Reading Series

 Print is really only one half of the puzzle; the other is sound: are people’s voices being heard out in the community? Here are a couple of Wellington’s best regular outlets for poetry, prose, and miscellaneous monologues.

Food Court is a reading collective put together by Jackson Nieuwland, Simon Palenski, Eamonn Marra, and Carolyn DeCarlo (yes, that’s me!) Started in 2014 and fulfilling its bi-monthly potential this year with help from Wellington Zinefest and Creative New Zealand, Food Court exists for all writers who want to participate, and welcomes new writers alongside established Wellington voices. Every reading also features a koha (that means by donation, or free to those who can’t) zine as artifact, with writing by each of the readers, featured artwork, and several NZ voices from further afield.

LitCrawl, directed by Claire Mabey, is a once-yearly event in Wellington. With over 80 writers reading across a dozen or more events throughout the afternoon on 14 November, you’ll need to block out your calendar well in advance and choose carefully to maximize your day.


Poetry Night NZ is not your typical reading series, as it cheekily targets introverted and shy poets, shut-ins, and couch potatoes of the world by existing for your listening pleasure online. This sadly now-defunct Twitter series was headed by Ashleigh Young, author of Magnificent Moon and this most amazing blog: The upside is that even though Poetry Night has concluded forever (or so she says), you can still listen to the archives here.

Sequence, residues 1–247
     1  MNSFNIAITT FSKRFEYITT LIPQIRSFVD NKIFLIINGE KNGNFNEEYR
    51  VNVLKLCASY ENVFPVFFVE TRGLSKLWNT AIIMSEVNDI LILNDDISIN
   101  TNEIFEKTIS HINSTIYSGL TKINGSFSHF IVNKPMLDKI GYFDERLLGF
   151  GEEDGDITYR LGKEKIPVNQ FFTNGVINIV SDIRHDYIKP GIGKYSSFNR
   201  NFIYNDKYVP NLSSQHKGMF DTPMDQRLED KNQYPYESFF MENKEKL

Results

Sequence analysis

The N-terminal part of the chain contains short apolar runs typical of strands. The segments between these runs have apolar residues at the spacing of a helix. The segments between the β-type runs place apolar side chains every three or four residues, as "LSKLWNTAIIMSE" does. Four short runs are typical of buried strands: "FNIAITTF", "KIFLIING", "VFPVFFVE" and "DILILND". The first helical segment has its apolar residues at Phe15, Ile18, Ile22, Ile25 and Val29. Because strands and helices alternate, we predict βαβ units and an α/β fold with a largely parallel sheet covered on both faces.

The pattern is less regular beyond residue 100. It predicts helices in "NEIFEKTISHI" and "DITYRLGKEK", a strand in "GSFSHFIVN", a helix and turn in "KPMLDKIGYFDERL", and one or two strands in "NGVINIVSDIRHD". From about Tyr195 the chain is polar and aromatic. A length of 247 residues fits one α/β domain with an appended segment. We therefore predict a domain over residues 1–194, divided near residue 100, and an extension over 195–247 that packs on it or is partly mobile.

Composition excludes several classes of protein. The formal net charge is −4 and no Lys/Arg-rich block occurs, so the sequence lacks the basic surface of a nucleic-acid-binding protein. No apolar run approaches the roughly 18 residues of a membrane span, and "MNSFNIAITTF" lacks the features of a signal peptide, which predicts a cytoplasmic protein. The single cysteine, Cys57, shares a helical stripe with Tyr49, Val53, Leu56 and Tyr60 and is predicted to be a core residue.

Writers on Mondays, facilitated at least in part this year by novelist Emily Perkins for the International Institute of Modern Letters at Victoria University, runs weekly from mid-July through October. Designed as a lunchtime sound bite, the focus here is mainly on well-established NZ writers, with attention also given to current students such as fiction writer Alisha Tyson, poets Sarah Natalie Webster and Jane Arthur, and scriptwriter Rose Cann. I’ve been lucky enough to hear previous IIML graduates such as poets Freya Daly Sadgrove and Rebecca Nash read from their manuscripts.

It should be mentioned that the presence of three tertiary schools in Wellington breathes quite a bit of creative life into the city. Victoria University, and particularly its creative writing department and Masters and PhD in Creative Writing at the IIML, attracts quite a few writers from further afield to the capital, as students, professors, and writers in residence, including poets Helen Heath, Hinemoana Baker, Hera Lindsay Bird, Chris Price and Anna Jackson.

girlsofthedriftGirls of the Drift by Nina Powles, Seraph Press, 2014 and I, Clodia, and Other Portraits by Anna Jackson, Auckland University Press, 2014, Photo credit: Carolyn DeCarlo

Founded in 1970, the Victoria University Press, with Ashleigh Young as newly-minted editor, has also been a longstanding publisher of grounded Wellingtonians such as Elizabeth Knox, Booker Prize-winner Eleanor Catton, and new voices like Morgan Bach (Some of Us Eat the Seeds, poetry, 2015). (Proving my earlier point, they also have their own record label imprint, Rattle Records.) Massey University and Whitireia round out the academic side of creativity here in Wellington, the latter of which’s practical degree in publishing has attracted bookmakers such as Auckland-based poet Ya-Wen Ho.

And if you ever feel at a loss for how to break into the scene in Wellington, you can always just do it yourself (a very Kiwi motto) and head to Pivot Print, co-founded by Josephine Jelicich, and make your own books on her exquisite risograph. Then you can sell them for cash at Wellington Zinefest and Matchbox Studios and become World Famous in New Zealand!

Rebecca Arrowsmith
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Rebecca Arrowsmith

Rebecca Arrowsmith is an artist and writer living in Atlanta.